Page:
LONDON (Reuters) - Britain must take steps towards setting a budget for Northern Ireland while it explores whether agreement can be reached to restore the province’s power-sharing government, the British minister for the region said on Tuesday.
The province has for over a year been without a devolved executive that was central to a 1998 peace deal that ended three decades of violence. Talks between the pro-British Democratic Unionist Party (DUP) and Irish nationalists Sinn Fein to end that stalemate broke down yet again last week.
Britain has already moved towards governing the region directly for the first time in a decade, setting a budget late last year that runs until the end of March, and minister Karen Bradley also raised the prospect on Tuesday of cutting assembly members’ pay if an executive cannot be formed.
“We will continue to explore with the parties whether the basis for a political agreement still exists. That is this government’s clear hope and desire,” Karen Bradley told Britain’s parliament.
“However, things in Northern Ireland cannot stay in a state of limbo... I intend to take steps to provide clarity on the budget... In the absence of devolution, it is also right that we consider the issue of salaries for assembly members.”
Both the British and Irish governments have said they want to get talks back on track but neither have suggested when the two sides should return to the negotiating table.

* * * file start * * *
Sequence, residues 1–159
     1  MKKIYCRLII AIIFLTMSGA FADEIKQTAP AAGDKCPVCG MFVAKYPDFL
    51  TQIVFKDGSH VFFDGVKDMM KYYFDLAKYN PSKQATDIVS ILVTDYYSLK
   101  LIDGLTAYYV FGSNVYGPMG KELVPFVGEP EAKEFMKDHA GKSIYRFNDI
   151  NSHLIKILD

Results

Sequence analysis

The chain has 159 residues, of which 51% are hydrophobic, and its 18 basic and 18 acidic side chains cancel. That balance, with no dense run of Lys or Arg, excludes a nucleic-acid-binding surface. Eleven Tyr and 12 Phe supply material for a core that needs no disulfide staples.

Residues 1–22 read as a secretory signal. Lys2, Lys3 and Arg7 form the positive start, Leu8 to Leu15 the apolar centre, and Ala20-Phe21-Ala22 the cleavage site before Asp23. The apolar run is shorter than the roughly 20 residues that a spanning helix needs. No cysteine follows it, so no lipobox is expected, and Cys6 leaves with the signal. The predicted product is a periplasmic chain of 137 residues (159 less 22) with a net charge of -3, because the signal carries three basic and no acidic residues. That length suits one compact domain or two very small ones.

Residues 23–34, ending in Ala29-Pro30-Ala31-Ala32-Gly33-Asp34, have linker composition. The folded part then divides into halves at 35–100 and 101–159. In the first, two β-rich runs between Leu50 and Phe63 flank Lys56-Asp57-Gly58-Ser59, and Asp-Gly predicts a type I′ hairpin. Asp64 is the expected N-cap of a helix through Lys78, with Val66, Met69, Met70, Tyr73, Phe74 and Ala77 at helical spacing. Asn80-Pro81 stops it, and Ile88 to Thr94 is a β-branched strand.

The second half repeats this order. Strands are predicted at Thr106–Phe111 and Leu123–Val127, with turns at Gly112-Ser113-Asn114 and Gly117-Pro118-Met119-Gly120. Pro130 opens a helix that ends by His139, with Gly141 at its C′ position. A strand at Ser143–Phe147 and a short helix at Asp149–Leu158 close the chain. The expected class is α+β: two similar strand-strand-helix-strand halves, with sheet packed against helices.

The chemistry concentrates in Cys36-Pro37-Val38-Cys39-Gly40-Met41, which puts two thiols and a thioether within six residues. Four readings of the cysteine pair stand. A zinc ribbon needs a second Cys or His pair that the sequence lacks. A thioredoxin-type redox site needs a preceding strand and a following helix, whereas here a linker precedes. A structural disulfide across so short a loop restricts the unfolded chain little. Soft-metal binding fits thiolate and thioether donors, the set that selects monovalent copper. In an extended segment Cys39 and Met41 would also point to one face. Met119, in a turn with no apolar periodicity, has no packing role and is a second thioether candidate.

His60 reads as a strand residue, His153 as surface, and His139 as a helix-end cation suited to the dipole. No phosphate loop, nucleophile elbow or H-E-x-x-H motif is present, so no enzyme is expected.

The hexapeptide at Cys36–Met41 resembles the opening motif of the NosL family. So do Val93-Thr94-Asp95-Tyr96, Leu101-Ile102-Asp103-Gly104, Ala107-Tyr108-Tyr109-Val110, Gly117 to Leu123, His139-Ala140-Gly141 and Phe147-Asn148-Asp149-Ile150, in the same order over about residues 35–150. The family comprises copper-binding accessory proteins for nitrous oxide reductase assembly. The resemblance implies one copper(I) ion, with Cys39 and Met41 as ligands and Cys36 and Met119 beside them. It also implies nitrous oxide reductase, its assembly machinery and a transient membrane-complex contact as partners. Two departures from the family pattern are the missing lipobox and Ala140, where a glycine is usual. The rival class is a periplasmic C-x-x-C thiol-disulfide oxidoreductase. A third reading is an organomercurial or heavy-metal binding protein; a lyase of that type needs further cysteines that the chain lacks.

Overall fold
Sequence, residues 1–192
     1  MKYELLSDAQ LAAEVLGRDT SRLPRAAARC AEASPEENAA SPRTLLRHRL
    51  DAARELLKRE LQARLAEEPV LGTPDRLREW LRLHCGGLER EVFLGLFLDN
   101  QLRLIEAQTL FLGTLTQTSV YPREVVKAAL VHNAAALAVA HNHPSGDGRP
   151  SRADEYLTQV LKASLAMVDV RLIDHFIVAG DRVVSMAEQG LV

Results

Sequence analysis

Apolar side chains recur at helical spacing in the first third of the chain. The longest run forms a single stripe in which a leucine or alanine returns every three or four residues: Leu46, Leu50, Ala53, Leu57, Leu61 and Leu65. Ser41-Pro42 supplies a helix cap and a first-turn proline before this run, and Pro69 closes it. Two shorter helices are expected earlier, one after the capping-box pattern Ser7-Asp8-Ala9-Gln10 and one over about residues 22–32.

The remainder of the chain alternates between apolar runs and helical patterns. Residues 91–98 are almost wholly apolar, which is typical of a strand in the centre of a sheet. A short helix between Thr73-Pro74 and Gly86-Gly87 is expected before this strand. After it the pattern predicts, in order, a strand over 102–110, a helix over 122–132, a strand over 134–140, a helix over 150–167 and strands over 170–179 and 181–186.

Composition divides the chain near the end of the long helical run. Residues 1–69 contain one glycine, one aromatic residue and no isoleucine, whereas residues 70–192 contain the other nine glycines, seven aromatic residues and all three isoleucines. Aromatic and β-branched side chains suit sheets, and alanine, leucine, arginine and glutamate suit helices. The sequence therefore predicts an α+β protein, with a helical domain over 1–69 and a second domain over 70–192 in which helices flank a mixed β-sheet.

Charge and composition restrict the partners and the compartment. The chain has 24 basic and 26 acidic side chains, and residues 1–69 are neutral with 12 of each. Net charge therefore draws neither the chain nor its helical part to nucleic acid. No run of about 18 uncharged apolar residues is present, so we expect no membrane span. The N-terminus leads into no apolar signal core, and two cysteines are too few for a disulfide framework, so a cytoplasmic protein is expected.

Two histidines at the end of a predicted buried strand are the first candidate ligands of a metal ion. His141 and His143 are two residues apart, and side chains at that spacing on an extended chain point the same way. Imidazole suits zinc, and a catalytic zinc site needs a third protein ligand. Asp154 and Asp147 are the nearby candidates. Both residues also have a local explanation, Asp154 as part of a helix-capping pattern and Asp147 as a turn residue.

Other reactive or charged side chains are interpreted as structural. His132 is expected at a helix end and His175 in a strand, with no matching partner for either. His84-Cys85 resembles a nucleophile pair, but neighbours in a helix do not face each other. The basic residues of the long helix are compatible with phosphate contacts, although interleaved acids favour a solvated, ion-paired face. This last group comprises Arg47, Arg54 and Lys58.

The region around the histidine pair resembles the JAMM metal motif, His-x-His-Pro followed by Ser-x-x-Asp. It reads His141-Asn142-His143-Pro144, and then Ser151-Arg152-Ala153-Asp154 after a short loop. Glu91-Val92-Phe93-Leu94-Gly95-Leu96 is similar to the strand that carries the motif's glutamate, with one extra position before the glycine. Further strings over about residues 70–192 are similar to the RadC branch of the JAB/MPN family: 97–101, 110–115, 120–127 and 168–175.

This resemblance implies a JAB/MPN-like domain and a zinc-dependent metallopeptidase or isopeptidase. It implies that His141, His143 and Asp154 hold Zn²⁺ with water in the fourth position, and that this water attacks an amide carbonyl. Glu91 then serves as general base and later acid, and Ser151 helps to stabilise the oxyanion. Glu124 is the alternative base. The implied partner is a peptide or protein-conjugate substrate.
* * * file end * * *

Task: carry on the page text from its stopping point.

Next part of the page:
Many fear a return to full British direct rule would further destabilise a delicate balance between nationalists and unionists who, until the triggering of snap elections last year, had run the province together since 2007.
Northern Ireland’s political future is also tied up with wider negotiations on Britain’s divorce from the European Union, which will determine whether a physical infrastructure will be required to control the border between the province and the Republic of Ireland.
Bradley said London would not shirk its responsibilities to provide political stability in the region longer term but would only do so once all other viable options had been exhausted, including her statutory obligation to consider calling fresh elections.
Writing by Padraic Halpin in Dublin; editing by Mark Heinrich and John Stonestreet